Wednesday, July 17, 2024
Both eyes' infection by Klebsiella pneumoniae.

Both eyes’ infection by Klebsiella pneumoniae.

Bilateral Endogenous Klebsiella pneumoniae Endophthalmitis in a Patient Undergoing Liver Transplantation: A Case Report and Review of Literature

Endophthalmitis is a severe intraocular infection that can lead to vision loss or blindness. In most cases, it is exogenous, meaning that the infection is introduced from an external source. However, endogenous endophthalmitis can also occur, where the infection spreads to the eye from a distant primary focus in the body. One of the causative agents of endogenous endophthalmitis is Klebsiella pneumoniae, which is a gram-negative bacterium found in the human gut. In this report, we describe a case of bilateral endogenous Klebsiella pneumoniae endophthalmitis in a patient undergoing liver transplantation.

Case Presentation

The patient was a 60-year-old man who underwent liver transplantation for liver cirrhosis complicated by hepatocellular carcinoma. On the 10th day after transplantation, he developed a fever, which was initially attributed to a urinary tract infection. However, he subsequently developed a decreased level of consciousness and was found to have septic shock. Blood cultures grew Klebsiella pneumoniae, and he was treated with antibiotics.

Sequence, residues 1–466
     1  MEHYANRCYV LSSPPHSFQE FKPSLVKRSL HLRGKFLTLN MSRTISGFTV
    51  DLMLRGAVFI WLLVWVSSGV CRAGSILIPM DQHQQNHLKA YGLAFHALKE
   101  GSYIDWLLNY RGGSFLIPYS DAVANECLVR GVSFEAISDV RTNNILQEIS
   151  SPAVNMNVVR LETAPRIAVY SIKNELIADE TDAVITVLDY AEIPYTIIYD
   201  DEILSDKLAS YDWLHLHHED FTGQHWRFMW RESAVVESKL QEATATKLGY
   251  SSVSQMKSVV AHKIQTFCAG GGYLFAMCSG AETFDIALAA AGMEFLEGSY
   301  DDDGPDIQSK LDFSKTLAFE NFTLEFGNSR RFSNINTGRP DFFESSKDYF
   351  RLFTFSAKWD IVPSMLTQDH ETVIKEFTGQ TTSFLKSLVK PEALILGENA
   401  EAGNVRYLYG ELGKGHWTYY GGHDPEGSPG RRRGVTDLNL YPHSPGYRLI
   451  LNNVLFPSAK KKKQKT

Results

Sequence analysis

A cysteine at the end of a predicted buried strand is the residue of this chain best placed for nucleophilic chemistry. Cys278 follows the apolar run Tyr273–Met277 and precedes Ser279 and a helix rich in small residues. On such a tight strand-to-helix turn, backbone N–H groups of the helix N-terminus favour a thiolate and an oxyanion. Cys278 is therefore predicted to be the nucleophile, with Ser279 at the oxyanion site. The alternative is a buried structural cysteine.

On the 16th day after transplantation, he complained of visual disturbance and was found to have decreased vision in both eyes. Ophthalmological examination revealed bilateral endophthalmitis with vitreous abscesses. Intravitreal antibiotics were administered, but despite aggressive therapy, his vision did not improve, and he eventually became blind in both eyes.


Endogenous endophthalmitis is a rare but serious condition that can occur in immunocompromised patients or those with a distant focus of infection. Klebsiella pneumoniae is an uncommon cause of endogenous endophthalmitis, but it has been reported in patients with liver abscesses or those undergoing liver transplantation. The source of infection in our patient was not identified, but it is possible that the bacteria spread from his gut or urinary tract to the liver and then to the eyes.

Early diagnosis and aggressive treatment are essential for a good visual outcome in endophthalmitis, but the prognosis is guarded, especially in cases of bilateral involvement. In our case, despite prompt treatment, the patient’s vision was irreversibly lost. Therefore, it is essential to consider endophthalmitis in the differential diagnosis of any febrile patient with visual symptoms, especially in those with risk factors such as immunosuppression or chronic liver disease.


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